The human mind, even at the best of times, tends towards forgetting. It is a fact of frailty that’s perfectly understandable: our lives are finite and short, while the world is vast and history is long, and we only have the vessel of our puny lives to witness that vastness, that immense length. Thus we have evolved to create memorials and museums—institutionalized memory markers—to remind us that our present is not all there is, that it is in fact the sum of the accumulation of years and experience.

Heritage is the word for that.

It is, to borrow one popular definition, “anything of value from the past that provides identity to the present and inspires the future generation.” Heritage is significant not only in terms of historical importance, but also architectural, aesthetic, spiritual, and social. Its value transcends and includes many levels, even the economic—and proper heritage management can only be good for any community, establishing not only a sense of identity, but also marking potential economic boon. Think of Vigan and its Spanish colonial houses. Think of Banawe and its rice terraces. Think of Bohol and its chocolate hills.

Traditionally, heritage can be classified into five distinct categories: movable heritage, intangible heritage, natural heritage, built heritage, and creative industries. These categories allow not only mere classification of heritage items, but also a key to what we call “cultural mapping.” Cultural mapping is, as the popular definition goes, “a process of identifying cultural heritage resources of a specific locality for purposes of conservation and development, and enables the community to understand and share culture, to re-think history, and finally to promote creativity and development.” A good program of cultural mapping will ultimately have three specific objectives: first, to identify distinct heritage resources of a community vis a vis another community; second, to thoroughly understand and properly record a heritage resource for future reference; and third, to generate interest on heritage resources among users and non users of heritage.

What are examples of “movable heritage”? Paintings and other artworks, documents, books, photos and memorabilia, costumes, crafts, weaponry, furniture, equipment and machinery and work implements, and musical instruments. Even religious groups and personalities. “Intangible heritage” would include language, local festivals, songs and assorted local music, dance, poetry and assorted local literature, local technology, local sports and games, culinary arts, local jokes, rituals and belief practices, healing arts, and secret local knowledge.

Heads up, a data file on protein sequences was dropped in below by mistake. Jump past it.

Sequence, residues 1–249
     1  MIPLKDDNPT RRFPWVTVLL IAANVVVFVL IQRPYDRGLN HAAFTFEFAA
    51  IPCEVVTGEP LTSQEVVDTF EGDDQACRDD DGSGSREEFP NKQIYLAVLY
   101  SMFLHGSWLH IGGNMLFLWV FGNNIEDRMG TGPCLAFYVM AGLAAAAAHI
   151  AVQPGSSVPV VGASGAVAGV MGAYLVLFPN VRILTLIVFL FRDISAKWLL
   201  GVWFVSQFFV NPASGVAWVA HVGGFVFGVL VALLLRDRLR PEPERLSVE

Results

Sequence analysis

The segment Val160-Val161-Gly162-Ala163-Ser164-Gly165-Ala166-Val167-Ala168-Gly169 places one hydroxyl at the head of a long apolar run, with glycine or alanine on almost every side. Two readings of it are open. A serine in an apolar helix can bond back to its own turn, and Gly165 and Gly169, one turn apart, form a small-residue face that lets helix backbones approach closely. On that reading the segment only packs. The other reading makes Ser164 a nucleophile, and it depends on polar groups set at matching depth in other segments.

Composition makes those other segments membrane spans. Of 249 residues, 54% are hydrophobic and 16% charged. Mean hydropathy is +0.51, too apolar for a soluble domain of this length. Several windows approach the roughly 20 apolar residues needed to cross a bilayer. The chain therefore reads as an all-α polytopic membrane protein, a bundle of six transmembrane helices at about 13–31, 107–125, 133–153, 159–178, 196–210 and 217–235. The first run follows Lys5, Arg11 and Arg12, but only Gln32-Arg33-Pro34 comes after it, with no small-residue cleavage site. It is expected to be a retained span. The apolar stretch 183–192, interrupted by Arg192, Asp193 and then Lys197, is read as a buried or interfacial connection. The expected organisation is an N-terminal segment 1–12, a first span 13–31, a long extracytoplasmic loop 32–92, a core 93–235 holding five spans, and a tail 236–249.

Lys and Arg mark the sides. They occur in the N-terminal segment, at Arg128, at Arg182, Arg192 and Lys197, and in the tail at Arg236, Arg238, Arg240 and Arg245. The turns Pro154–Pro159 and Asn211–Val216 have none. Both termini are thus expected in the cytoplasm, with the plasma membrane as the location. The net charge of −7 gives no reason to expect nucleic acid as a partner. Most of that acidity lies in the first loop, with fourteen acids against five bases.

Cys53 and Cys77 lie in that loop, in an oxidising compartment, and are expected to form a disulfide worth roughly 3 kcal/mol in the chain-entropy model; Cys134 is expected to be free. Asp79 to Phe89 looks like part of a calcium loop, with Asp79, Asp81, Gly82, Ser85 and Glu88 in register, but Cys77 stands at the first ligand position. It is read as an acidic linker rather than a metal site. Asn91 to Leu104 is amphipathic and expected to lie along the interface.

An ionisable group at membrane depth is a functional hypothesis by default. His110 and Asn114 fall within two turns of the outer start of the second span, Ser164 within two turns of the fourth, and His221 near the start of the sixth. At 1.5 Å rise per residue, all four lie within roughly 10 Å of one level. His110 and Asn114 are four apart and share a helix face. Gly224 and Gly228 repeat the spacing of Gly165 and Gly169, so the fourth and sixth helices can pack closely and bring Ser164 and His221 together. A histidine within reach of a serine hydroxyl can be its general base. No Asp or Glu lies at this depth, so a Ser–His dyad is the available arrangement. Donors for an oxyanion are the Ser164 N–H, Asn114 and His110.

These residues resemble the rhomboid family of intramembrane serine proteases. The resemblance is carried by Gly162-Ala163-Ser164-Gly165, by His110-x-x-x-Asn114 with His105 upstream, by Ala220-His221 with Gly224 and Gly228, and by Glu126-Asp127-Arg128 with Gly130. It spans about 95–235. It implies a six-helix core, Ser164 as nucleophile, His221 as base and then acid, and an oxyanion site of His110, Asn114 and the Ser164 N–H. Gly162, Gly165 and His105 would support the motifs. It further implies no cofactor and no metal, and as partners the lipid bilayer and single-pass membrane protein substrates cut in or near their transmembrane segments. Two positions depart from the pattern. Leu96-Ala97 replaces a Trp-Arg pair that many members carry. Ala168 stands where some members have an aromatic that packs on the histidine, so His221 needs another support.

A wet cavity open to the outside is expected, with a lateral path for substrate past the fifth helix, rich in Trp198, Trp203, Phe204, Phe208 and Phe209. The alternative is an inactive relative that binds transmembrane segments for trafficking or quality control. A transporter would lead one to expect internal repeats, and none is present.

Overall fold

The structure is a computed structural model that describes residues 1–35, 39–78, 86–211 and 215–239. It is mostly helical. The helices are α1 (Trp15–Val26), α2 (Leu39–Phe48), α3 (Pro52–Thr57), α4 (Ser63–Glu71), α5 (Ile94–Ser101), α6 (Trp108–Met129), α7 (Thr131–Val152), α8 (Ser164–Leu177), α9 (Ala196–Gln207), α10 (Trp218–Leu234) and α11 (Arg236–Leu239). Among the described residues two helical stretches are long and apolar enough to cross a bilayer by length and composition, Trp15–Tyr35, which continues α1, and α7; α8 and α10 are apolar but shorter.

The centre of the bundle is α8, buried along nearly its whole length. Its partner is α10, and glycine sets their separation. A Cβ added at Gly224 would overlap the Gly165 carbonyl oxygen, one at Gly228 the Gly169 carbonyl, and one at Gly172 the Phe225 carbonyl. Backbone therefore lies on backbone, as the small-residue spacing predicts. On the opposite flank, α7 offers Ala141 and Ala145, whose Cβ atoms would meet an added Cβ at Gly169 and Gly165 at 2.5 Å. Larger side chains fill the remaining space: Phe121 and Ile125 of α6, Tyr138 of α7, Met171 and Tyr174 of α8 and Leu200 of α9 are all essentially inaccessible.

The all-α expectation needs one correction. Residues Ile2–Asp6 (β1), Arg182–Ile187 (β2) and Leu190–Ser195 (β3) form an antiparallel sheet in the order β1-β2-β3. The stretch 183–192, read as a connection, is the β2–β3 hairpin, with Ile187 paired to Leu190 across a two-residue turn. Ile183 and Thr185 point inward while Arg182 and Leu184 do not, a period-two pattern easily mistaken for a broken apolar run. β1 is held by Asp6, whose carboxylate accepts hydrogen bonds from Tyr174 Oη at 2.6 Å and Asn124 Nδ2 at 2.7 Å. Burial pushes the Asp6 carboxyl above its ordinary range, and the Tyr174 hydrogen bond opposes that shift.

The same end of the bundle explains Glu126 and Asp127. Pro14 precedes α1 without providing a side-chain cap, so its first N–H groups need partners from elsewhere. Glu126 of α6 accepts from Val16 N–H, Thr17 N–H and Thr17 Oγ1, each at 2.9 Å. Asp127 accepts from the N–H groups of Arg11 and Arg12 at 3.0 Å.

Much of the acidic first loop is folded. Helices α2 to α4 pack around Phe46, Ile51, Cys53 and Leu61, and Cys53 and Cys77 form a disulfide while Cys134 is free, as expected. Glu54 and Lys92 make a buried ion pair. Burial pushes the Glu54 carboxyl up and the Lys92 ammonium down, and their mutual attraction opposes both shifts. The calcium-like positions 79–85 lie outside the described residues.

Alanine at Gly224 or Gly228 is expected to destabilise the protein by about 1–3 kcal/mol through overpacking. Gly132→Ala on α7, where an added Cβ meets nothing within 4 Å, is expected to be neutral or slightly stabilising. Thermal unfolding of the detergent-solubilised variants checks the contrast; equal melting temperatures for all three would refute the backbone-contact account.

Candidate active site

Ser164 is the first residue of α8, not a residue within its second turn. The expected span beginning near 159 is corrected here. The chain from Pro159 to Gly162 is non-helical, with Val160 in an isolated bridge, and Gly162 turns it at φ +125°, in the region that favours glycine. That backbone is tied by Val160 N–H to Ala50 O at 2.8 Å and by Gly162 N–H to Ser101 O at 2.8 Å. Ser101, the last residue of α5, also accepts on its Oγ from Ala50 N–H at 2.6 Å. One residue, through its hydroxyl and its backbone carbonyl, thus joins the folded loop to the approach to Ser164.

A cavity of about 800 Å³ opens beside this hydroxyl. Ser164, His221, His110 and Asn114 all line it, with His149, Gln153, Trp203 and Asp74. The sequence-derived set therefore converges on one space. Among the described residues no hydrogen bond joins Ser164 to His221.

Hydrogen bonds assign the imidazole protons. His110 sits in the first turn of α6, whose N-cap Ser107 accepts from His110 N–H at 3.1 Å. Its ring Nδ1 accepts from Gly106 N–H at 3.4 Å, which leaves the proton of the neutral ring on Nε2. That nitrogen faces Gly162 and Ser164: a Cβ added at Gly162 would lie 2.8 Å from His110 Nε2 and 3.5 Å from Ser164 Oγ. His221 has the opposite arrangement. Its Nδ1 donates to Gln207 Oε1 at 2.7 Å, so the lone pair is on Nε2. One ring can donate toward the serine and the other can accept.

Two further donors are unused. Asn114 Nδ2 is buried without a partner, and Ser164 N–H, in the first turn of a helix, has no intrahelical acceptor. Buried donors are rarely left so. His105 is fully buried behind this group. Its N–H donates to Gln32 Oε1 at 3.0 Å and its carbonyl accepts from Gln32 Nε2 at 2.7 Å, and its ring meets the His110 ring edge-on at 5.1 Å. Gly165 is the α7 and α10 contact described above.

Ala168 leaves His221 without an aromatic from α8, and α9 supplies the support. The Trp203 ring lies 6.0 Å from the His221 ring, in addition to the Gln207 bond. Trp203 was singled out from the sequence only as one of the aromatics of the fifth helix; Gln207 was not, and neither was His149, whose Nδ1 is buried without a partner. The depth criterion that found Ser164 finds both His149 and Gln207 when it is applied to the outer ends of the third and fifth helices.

“Built heritage” would include ancestral houses, churches and mosques, plazas and park, schools and government buildings, local marketplaces, bridges, and streets and roads.

“Natural heritage” would include endemic plants and animals, rocks and minerals, forests, lakes, rivers, falls, mountains and volcanoes, valleys, caves, beaches, rice fields, and underwater resources.

“Creative industries and occupations” would include architecture, crafts industry, furniture design, fashion designer, general design industry, advertising, visual arts scene, live and recorded music industry, writing and publishing, performing arts and related entertainment, film and video production, TV, radio, and internet broadcasting, and software and computer games development.

All of these is culture, is heritage—and one can see how vital they are in the making of a community, even of sustaining it. Mapping these is indeed what Dessa Quesada-Palm has described as “a valuable tool for identifying a community’s strengths and its resources,” because it allows identification, and with that comes assessment—Why is it important to us? How do we maximize its potential? What is its current condition, and what can be done to make it better?

We ask, for example: what is the common image we use to promote Dumaguete?

The campanario is a ready answer, because it’s there, and we are vaguely aware of a history. It is our icon for a city that endures. But it is in a frail condition, and it has been dwarfed by an ugly and ill-advised towering addition to the adjacent convent, and the infrastructure that surrounds it diminishes its beauty. Noting these, its future can be mapped out, and proper development can follow, and we not only become instrumental to preserving heritage, we open a way for the community to maximize the draw the campanario holds.

Mapping heritage is a way to forestall forgetting.